Just as Malinowski studied the special language used in garden magic among the Trobrianders, many contemporary linguistic anthropologists study the role of performative language in various ritual settings. In a recent article, Patience Epps and Danilo Paiva Ramos examine the performance of incantations among the Indigenous Hup community of the northwest Amazon (Epps and Ramos 2020). An incantation is a patterned set of phrases or sentences used to compel a magical result. Among the Hup, incantations are used by elders for protection, healing, and causing harm. While Epps and Ramos were conducting fieldwork in the area, Hup elders expressed concerns that the young men in the village were not learning the repertoire of important incantations properly, thus endangering the health and safety of the community. The elders invited Epps and Ramos to write down their incantations for healing and protection in order to preserve them for future generations. Epps and Ramos documented and analyzed these incantations in consultation with Hup elders.

In the article, Epps and Ramos analyze an incantation used by the Hup to protect travelers on paths through the rain forest. This incantation is recited by an elder before a group of Hup people embark on a journey. After providing the original text and its English translation, Epps and Ramos describe the incantation’s structure and poetic features, including the use of metaphor and repetition of phrases. As a whole, the incantation lists various dangers and helpful entities and enacts certain magical practices through the speech itself. At the beginning of the incantation, the elder states that he is enclosing the entire path in a protective “canoe,” much as a traveler on a river would ride in a canoe. This canoe is named after a particular snake, the mussurana snake (Clelia clelia), a constrictor snake that eats other snakes and is immune to their venom. Thus, the incantation is creating a metaphorical shield of protection around the travelers, making them safe from venomous snakebites. In the second section of the incantation, the elder lists all classes and subtypes of snakes that might be encountered in the rain forest, asserting a kind of taxonomic mastery over the snakes. Summoning the snakes one by one, he tells of lining them up, sitting them down, and feeding them sticky coca and tobacco. The snakes then sit quietly, their jaws stuck together by the sticky substance so that they are unable to bite anyone. The incantation goes on to deal with several other malevolent entities and engage with beneficial entities to help the travelers in their journey.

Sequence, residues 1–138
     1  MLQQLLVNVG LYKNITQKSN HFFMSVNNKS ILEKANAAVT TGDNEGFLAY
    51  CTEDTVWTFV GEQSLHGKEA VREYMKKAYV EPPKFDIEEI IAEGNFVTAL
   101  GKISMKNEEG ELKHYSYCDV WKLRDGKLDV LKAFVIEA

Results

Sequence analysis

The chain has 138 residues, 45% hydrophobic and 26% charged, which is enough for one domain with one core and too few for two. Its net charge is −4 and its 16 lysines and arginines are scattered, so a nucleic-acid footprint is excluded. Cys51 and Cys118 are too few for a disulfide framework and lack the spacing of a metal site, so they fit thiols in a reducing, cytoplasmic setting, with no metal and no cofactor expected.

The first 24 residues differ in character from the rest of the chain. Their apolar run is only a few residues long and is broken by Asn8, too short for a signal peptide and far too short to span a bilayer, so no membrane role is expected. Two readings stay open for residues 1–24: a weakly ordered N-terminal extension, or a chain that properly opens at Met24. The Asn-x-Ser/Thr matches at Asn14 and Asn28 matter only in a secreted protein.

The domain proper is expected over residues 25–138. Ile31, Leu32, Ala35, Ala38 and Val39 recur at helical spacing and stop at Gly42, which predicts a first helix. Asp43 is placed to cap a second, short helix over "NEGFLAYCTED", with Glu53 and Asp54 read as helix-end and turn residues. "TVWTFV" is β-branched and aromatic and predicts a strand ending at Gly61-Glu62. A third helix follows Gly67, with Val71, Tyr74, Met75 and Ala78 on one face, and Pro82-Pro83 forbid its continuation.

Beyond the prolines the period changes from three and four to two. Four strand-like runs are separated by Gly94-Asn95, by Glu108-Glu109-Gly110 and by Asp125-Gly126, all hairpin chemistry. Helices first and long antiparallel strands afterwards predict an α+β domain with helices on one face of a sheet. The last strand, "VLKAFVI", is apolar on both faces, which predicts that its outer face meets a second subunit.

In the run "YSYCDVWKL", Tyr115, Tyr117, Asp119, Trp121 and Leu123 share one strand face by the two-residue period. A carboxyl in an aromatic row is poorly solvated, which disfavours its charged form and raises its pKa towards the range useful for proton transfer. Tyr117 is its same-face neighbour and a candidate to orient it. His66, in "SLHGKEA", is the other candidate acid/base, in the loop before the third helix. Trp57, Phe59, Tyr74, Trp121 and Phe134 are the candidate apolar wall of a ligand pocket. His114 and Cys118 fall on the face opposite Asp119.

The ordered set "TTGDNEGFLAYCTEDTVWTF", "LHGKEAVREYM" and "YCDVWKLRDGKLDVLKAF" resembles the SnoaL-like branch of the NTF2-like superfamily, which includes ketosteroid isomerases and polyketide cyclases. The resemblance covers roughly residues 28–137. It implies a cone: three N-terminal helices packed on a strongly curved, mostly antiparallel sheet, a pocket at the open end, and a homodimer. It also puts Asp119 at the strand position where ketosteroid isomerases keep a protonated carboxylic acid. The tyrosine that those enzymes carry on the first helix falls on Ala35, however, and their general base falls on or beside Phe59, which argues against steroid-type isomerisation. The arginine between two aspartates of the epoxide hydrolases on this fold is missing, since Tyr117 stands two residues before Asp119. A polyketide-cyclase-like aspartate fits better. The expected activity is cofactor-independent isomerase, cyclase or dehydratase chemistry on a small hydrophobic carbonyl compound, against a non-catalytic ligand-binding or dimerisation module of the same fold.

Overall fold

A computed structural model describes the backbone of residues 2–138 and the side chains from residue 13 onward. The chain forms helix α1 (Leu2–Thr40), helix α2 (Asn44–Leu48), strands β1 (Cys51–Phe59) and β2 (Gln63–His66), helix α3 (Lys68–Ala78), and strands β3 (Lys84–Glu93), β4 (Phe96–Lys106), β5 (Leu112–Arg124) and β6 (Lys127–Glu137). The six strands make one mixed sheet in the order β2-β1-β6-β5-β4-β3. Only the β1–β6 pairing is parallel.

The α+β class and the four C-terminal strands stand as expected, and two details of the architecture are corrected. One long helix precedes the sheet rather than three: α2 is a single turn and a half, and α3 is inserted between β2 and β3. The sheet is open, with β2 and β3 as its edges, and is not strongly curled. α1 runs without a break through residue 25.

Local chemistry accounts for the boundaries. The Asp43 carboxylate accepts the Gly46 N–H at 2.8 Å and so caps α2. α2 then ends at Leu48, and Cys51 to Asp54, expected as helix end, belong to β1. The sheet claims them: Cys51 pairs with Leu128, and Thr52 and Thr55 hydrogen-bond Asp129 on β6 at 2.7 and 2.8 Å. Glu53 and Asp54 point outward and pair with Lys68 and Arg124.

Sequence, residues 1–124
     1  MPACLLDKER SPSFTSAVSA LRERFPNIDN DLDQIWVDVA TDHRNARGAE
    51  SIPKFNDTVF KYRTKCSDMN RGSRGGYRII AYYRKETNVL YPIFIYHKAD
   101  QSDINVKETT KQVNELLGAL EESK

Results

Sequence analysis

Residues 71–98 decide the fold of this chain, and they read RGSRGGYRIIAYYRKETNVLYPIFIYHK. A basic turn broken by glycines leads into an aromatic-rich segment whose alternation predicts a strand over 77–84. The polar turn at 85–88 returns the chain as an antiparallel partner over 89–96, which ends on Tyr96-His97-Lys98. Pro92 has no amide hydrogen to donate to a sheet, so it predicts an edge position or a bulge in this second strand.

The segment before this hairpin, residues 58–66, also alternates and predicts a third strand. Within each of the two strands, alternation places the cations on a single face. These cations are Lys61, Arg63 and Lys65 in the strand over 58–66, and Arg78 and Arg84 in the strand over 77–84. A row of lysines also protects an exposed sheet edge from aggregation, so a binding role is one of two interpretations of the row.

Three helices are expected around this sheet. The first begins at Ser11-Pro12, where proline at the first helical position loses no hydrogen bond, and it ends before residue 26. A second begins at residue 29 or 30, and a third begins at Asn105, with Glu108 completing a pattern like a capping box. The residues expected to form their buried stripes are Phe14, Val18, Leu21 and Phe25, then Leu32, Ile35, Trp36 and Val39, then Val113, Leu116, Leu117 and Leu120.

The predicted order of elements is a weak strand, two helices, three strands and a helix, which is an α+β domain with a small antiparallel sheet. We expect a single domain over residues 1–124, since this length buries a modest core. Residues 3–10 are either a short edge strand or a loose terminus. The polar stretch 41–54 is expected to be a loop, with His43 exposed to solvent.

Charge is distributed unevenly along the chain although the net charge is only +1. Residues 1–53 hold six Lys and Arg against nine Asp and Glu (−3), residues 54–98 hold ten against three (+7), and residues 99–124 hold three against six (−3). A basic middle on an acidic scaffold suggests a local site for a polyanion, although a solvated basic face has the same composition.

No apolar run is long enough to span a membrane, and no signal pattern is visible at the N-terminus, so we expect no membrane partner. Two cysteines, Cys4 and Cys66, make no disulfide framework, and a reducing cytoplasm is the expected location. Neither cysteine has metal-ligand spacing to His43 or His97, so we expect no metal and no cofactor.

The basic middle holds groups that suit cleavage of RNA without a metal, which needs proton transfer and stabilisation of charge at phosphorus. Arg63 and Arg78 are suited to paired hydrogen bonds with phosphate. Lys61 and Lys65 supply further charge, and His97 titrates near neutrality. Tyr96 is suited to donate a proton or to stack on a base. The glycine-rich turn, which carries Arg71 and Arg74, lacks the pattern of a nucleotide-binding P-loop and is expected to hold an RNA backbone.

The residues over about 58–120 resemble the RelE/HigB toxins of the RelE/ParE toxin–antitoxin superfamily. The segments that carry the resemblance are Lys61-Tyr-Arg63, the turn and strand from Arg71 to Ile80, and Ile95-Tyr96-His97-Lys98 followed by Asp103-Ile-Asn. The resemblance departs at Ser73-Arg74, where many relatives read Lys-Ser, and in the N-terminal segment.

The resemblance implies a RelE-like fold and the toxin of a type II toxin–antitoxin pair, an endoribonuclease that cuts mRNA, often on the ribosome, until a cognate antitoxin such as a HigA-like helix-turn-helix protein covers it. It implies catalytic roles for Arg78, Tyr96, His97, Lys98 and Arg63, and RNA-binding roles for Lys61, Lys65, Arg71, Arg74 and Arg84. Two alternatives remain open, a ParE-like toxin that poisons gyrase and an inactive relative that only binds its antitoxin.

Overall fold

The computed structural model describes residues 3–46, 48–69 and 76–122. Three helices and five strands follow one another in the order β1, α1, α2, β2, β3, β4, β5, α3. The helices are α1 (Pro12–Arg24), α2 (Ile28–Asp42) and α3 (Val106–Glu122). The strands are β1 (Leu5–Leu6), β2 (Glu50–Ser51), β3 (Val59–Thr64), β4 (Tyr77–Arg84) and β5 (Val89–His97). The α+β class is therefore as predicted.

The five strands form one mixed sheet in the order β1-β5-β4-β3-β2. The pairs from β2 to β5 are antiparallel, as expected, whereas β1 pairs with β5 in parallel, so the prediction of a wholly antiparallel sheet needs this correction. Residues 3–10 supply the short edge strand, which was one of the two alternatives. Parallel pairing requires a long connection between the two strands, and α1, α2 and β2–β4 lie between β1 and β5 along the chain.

Informal Back-Talk: Teasing, Grumbling, and Gossip

Linguistic anthropologists most frequently rely on long periods of fieldwork, living in the communities they study and witnessing and even participating in ritual events where performative language is deployed. Such events include protection and healing magic, but also naming ceremonies, puberty rites, weddings, funerals, and other rituals that mark the passage of persons from one social status to another. Anthropologists term such rituals “rites of passage” (discussed in detail in Anthropology of Food). At such ritual events, elders or religious specialists are called upon to perform the ritual language necessary to publicly move persons from the previous category to the new one.

Naming ceremonies are a great example of the power of performative language in rites of passage. In many West African societies, a baby is not considered a true person until they have been publicly named by an elder or religious official in a naming ceremony performed a certain number of days after the baby is born. Extended family and friends attend the ceremony as markers of their relationship to the baby. Guests bring gifts such as rice and cloth for the baby, and they are rewarded for their attendance with prepared food and kola nuts.